This story is part of the “Making a difference” series, in which we shine a spotlight on the many ways—both big and small—that UBC community members are helping with the response to COVID-19. Share your story with us at email@example.com.
UBC medical student Sukhmeet Sachal is delivering public health information to help protect the Sikh community
A two-metre-long sign, illustrating the length of a turban, hangs inside Surrey’s Guru Nanak Sikh Gurdwara. To the temple’s community members, it perfectly demonstrates what safe physical distancing during COVID-19 looks like.
The simple gesture and message are just one part of the Sikh Health Foundation Initiative, spearheaded by UBC medical student Sukhmeet Sachal.
With the hope of keeping his community safe and preventing the transmission of COVID-19, he set out to tailor public health messages for the Sikh community in a culturally-effective way, starting by connecting with those attending the Gurdwara, located around the corner from the house where he grew up.
“Gurdwara is incredibly important for the well-being of our community, especially the elderly,” says Sachal. “With COVID-19, I saw that there was a huge need to educate people about simple ways to keep themselves and their families safe.”
A community-driven approach
The unique project leverages the strength and spirit of the Sikh community.
Since starting the project this past summer, Sachal and a network of more than 100 volunteers have taken a number of steps to ensure public health measures are introduced to people attending the Gurdwara with cultural awareness in mind.
Together with his team of volunteers, he has distributed hundreds of masks to meet the unique needs people in the South Asian community.
“Because a lot of Sikh people wear turbans, which cover the ears, it can be hard for them to wear masks,” says Sachal. “So, we are distributing masks that tie behind the head, and educating people about how to properly wear them.”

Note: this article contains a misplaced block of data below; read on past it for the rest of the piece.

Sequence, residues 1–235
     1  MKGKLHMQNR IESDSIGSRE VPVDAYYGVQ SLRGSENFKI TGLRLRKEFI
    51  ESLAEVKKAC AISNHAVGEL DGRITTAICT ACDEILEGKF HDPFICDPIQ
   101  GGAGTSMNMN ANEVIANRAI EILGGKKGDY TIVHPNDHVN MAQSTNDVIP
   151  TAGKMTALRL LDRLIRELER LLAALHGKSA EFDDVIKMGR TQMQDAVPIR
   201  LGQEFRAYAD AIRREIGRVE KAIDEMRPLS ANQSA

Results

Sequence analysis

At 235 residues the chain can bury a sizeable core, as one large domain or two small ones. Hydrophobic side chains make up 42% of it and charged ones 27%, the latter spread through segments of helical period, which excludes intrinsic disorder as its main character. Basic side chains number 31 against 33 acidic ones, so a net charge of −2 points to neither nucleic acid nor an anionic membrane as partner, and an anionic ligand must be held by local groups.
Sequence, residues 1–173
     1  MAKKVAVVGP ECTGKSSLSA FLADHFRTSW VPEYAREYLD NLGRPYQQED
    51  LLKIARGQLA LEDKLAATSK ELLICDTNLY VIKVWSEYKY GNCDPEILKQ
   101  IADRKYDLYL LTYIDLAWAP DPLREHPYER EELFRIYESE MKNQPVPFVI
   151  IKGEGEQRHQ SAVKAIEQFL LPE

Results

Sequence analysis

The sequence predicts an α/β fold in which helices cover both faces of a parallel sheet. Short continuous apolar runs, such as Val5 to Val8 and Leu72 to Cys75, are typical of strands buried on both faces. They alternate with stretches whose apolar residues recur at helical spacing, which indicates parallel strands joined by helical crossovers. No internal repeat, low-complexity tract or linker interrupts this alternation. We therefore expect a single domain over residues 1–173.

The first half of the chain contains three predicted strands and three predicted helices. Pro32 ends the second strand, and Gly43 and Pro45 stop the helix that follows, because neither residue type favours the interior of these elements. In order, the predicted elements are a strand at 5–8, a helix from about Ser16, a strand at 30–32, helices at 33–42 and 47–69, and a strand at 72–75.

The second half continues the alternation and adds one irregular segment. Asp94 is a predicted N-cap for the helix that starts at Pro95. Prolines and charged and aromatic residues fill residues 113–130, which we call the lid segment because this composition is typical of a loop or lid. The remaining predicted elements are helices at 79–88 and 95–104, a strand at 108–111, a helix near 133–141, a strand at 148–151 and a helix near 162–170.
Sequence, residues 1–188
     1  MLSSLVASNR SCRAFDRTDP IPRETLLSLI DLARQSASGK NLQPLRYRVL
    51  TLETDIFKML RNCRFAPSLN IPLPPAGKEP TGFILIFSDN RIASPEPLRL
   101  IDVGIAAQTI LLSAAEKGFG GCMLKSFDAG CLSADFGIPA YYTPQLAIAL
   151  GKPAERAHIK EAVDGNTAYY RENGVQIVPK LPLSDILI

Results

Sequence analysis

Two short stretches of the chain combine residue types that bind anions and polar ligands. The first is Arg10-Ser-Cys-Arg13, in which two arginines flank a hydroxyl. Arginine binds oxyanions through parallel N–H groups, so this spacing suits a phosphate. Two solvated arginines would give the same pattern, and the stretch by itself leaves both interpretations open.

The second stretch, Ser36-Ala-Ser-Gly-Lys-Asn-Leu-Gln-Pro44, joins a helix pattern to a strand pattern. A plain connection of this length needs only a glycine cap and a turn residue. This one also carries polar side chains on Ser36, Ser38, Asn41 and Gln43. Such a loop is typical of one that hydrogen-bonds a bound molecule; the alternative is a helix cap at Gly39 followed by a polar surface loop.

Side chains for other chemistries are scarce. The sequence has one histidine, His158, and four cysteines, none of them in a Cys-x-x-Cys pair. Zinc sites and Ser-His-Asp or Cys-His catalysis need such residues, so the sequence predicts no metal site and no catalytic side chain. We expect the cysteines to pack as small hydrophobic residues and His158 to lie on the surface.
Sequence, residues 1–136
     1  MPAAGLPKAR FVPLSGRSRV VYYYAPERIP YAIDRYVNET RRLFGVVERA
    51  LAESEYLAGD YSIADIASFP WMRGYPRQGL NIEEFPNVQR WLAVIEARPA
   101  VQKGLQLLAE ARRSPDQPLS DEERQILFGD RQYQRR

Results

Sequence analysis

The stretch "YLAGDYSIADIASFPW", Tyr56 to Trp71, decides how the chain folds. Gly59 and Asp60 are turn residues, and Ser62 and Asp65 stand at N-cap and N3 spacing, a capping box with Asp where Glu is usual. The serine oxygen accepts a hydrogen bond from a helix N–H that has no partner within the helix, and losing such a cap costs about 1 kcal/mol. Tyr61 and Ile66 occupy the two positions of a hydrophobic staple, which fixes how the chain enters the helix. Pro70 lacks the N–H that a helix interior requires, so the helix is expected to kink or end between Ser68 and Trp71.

Prior to current restrictions in B.C. and the suspension of in-person faith services, groups of volunteers also greeted people of all ages at the temple to offer guidance around proper handwashing techniques.
“It makes me very happy to see our volunteers putting in their own time and educating everyone on public health measures which will keep us safe,” says 74-year-old Hardeep Singh Ramgarhia, who has been part of the Guru Nanak Sikh Gurdwara community for the last 20 years.
“This pandemic has been a challenge for many, but it gives me hope seeing our youth step up and use their voice for the betterment of the community.”
Sachal has received significant support for this project, becoming just one of two Canadian students to receive the Clinton Global Initiative (CGI U) COVID-19 Student Action Fund grant, as well as funding from the Government of Canada’s Rising Youth Grant.
He also received support from Fraser Health’s South Asian Health Institute (SAHI). They have provided Sachal with guidance on how to recruit and train volunteers and to document the project’s successes and learnings, leaving the door open for future research in this area.
“Working with SAHI has been a blessing,” says Sachal. “The team at Fraser Health provided me with guidance and evidence-based information to ensure that the project will be successful and sustainable.”
Just the beginning
As B.C. continues to contend with the second wave of COVID-19—and after seeing the success of the initial pilot—Fraser Health is supporting Sachal in expanding his initiative to other Gurdwaras in the region.
For Sachal, his drive to help the South Asian community stay safe during the COVID-19 pandemic has only grown stronger. In October, he received devastating personal news—the loss of his own aunt, living in India, to COVID-19.
“It’s so important to get the message out there to all of our elders, and to the broader South Asian population,” says Sachal. “We’ve seen more people wearing masks and real change from this project, which has been very rewarding.”
Eager to expand the impact of his initiative—Sachal says he’s encouraged to see that his work is already inspiring other young leaders in Canada and globally.
“The really exciting thing is that we’re seeing a lot of people who want to get involved and who can help to bring this to other communities,” says Sachal, who is working with young leaders in Alberta and Ontario, and as far away as California and Kenya, to get their own projects up and running.
“This really is just the beginning.”